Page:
Submitted by Koala KIDZzz®
For most parents, braces seem to be the appropriate treatment option when their child has crooked teeth. Braces may not address all issues associated with growth and development. Crooked teeth may just be a symptom of an underlying growth concern regarding the facial bones and structures. Other possible symptoms include mouth breathing, trouble with tongue positioning during swallowing, an imbalanced lip position, thumb sucking, or lip biting. The good news is that there is more that can be done to properly guide the growth of a healthy facial structure — There is help before braces!
In this article, we will present how a proper facial profile and teeth positioning can positively affect your child’s airway, jaw joint, and very importantly, their ability to sleep, breathe, and grow well for life! This is the focus of the Koala KIDZzz® program and the Koala Center For Sleep & TMJ Disorders.
What’s the problem?
Many people view misaligned teeth and facial profiles as primarily a cosmetic issue. However, that couldn’t be further from the truth. The truth is, underdeveloped facial bones can cause a child to have a narrow airway. Having a narrow airway can negatively impact two functions that are essential to human survival: breathing and sleeping. Crooked teeth, mouth breathing (see photo A. pg 20), and an underdeveloped lower jaw (see photo B. pg 20) are just a few indicators that the child could be suffering from a narrow airway.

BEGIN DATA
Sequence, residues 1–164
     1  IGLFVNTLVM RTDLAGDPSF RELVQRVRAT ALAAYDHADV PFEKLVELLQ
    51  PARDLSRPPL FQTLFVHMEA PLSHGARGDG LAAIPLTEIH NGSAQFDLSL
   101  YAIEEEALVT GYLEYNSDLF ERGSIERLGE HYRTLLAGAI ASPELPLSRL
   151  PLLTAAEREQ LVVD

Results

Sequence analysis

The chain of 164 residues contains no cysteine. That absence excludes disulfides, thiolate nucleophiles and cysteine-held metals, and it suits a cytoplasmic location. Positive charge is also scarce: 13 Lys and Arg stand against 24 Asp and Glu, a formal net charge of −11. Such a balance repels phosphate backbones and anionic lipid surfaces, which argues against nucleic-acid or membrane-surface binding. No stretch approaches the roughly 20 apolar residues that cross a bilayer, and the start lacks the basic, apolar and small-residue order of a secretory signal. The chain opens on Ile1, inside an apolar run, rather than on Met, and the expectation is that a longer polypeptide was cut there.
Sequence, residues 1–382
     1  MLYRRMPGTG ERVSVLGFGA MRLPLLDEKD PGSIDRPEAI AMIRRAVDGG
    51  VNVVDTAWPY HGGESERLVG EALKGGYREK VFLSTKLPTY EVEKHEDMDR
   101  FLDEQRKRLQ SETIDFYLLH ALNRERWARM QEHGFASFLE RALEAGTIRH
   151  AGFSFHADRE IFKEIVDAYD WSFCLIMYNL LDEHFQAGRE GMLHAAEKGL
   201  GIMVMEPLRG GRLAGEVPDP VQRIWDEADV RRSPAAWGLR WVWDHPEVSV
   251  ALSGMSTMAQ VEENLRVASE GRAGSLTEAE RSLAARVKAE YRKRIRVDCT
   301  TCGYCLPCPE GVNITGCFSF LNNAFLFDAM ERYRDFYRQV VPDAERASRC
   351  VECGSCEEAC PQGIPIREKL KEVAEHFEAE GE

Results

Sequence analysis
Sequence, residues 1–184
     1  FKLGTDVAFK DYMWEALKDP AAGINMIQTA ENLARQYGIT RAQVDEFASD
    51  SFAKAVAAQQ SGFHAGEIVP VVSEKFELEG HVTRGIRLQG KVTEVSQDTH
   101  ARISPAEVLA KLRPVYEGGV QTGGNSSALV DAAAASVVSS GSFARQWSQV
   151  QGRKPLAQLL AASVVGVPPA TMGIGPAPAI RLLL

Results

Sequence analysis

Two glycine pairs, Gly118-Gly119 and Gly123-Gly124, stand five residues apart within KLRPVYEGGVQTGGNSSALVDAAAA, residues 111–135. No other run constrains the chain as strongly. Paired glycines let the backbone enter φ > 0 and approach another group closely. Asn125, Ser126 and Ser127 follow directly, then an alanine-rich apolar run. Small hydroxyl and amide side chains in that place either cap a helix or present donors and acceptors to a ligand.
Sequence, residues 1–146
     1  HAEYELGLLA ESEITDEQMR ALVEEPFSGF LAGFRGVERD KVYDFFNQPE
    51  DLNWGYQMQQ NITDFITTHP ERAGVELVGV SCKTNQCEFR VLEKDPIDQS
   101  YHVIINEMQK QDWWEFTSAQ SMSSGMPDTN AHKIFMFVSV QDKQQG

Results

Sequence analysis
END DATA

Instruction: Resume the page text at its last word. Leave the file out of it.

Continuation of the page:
Sleep Disordered Breathing (SDB) is a common term used for difficulty breathing during sleep. Symptoms of SDB include: snoring, mouth breathing, ADHD, chronic allergies, crooked teeth, restless sleeping, nightmares, bedwetting, daytime tiredness, and irritability. The good news is that often these symptoms are reduced or eliminated by correcting bad habits like mouth breathing, and improper tongue positioning, all while guiding the growth of the facial bones during sleep.
If a child has crooked or over-crowded teeth, they are more likely to feel self-conscious about their face and smile. While this embarrassment may seem small, it can have damaging, long-lasting effects on the child’s wellbeing. As parents, we have the opportunity to view and detect a few symptoms that warrant deeper consideration and action:
How can a parent be proactive?
- Facial profile: An underdeveloped lower jaw shows a high likelihood of a narrow airway.
- Crowded teeth: As a parent, it is important that you do not assume that your child having crowded teeth won’t present additional problems. Crowded teeth are an indication that the child may have narrow arches and underdeveloped jaws. This anatomy can narrow the airway.
- Sinus issues: Most people do not consider that sinus problems and dental issues are related, but they are. If the upper arch is underdeveloped laterally, it will cause a high-vaulted roof of the mouth. When the roof of the mouth is encroaching into the sinus space, it then causes a shallow sinus cavity.
- Mouth breathing: It may sound obvious, but we are made to breathe out of our noses. Mouth breathing is not normal. However, some children are unable to breathe properly through their nose and are forced to breathe out of their mouths. While this may seem harmless, mouth breathing prevents the proper tongue and positive pressure on the oral structures. This can cause the upper dental arch to be narrow and underdeveloped. Also, there is no air filtration when you breathe through your mouth, exacerbating allergies, bronchitis, and asthma.
- Refusal to show teeth when smiling: This is a common side effect for children with crowded teeth that can carry over, even after they have corrected their smile.